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A stay of execution is a temporary delay in the carrying out of a court order. People often hear this term used in reference to capital punishment and believe that the “execution” is a reference to the death penalty, but it actually means “the execution of a court order.” There are a wide range of settings in which a stay of execution can be used, and there are many situations in which a stay is triggered automatically.
When a case is sent to court and tried, the court may deem that some action needs to be taken, such as paying damages to someone who has been injured, sending someone to jail for committing a crime, or placing an injunction on a particular activity. The court issues an order outlining the action to be taken. A stay of execution can be used to delay the execution of a court order.
One case in which a stay will kick in automatically is in death penalty cases. When someone is sentenced to death, a stay of execution is immediately put in place so that the court order can be reviewed to confirm that it is legal. People are also entitled to an appeal and they cannot be executed until an appeal has taken place. Likewise, most nations have laws which forbid the execution of a pregnant woman, so a woman sentenced to death who is found to be pregnant will be issued a stay of execution which lasts until she has safely delivered the child.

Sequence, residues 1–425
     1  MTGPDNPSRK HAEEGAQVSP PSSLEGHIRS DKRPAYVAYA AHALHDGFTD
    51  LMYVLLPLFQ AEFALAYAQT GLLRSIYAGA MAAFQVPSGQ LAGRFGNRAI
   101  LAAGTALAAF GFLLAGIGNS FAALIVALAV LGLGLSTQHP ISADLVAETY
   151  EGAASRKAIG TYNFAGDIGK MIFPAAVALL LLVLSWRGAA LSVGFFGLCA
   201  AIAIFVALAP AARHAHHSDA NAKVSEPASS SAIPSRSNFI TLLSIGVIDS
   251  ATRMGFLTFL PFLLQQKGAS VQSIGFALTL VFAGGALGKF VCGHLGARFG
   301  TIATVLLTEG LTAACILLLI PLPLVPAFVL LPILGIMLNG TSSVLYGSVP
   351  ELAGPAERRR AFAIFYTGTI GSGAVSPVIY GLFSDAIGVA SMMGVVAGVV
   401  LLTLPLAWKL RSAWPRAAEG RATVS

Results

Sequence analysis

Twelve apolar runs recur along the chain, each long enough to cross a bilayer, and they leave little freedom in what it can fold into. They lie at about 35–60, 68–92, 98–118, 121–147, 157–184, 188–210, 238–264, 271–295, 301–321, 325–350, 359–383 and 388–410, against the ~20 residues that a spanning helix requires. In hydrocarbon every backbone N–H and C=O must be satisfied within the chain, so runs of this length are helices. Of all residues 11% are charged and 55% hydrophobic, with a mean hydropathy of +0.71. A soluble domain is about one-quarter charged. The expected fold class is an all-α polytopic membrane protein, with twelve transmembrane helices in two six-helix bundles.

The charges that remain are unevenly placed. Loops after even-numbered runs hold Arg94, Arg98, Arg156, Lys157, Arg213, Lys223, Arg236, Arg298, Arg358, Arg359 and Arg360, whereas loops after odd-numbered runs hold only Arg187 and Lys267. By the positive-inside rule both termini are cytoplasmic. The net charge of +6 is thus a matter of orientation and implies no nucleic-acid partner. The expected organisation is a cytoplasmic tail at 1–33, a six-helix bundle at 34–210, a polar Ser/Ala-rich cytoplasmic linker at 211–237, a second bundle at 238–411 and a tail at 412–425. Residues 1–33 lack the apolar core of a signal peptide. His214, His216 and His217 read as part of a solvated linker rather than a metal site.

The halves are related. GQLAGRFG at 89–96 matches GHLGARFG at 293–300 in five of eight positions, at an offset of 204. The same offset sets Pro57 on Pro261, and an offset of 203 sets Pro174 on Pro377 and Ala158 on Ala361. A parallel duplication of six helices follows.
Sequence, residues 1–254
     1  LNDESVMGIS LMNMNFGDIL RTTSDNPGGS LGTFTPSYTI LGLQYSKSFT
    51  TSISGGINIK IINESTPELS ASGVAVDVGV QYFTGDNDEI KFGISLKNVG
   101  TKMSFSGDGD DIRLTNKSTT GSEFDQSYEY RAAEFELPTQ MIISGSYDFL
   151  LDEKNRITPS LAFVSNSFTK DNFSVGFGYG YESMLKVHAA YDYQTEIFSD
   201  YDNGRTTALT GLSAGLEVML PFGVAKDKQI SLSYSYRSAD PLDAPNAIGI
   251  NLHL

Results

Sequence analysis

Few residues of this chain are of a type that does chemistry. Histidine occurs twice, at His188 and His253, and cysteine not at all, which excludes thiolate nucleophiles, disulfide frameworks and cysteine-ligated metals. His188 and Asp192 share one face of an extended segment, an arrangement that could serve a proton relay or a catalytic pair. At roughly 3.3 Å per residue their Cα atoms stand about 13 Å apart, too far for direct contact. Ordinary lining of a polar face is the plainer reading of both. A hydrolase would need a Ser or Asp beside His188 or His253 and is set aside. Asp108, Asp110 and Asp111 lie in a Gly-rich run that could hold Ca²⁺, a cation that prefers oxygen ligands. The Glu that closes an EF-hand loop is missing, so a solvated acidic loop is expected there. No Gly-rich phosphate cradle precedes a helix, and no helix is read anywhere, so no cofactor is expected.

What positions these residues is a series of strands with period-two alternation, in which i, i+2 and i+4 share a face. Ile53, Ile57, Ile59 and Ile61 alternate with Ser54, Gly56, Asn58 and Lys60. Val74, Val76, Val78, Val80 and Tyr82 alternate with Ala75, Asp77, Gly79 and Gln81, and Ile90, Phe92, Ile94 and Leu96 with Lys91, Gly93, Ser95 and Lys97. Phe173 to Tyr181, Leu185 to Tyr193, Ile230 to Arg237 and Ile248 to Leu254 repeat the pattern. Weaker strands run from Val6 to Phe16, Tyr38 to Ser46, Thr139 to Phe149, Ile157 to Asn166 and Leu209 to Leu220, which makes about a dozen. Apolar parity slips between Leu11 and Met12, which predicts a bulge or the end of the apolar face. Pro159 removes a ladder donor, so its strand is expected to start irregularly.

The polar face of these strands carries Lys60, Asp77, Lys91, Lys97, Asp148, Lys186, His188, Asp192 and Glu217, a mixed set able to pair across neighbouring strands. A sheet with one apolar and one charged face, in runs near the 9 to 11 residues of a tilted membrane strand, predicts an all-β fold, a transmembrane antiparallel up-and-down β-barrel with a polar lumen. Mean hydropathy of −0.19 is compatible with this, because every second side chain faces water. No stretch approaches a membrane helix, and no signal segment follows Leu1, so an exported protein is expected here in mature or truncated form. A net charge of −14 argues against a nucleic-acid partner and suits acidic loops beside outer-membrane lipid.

People can file for a stay of execution if they want to appeal a court ruling so that the court order cannot be carried out before the appeal can take place. For example, if a company is ordered to pay damages to a consumer injured by one of their products, it can indicate that it plans to appeal and a stay will be put in place so that it is not obliged to pay the damages. Otherwise, the company would be forced to pay the damages in accordance with the court order, and then to return to court for the appeal, which would not be terribly logical.
Notably, a stay of execution can be issued by a high ranking government official when someone sentenced to death is about to be executed. Lawyers usually routinely request a stay shortly before the sentence is to be carried out in a final attempt to buy time for their clients. In addition, there may be situations in which new evidence emerges which suggests that the facts of the case may not be as clear as they seemed to be when the sentence was handed down, in which case a stay of execution is requested to prepare an appeal. Some governments evade such tactics by not announcing the scheduled dates of executions.
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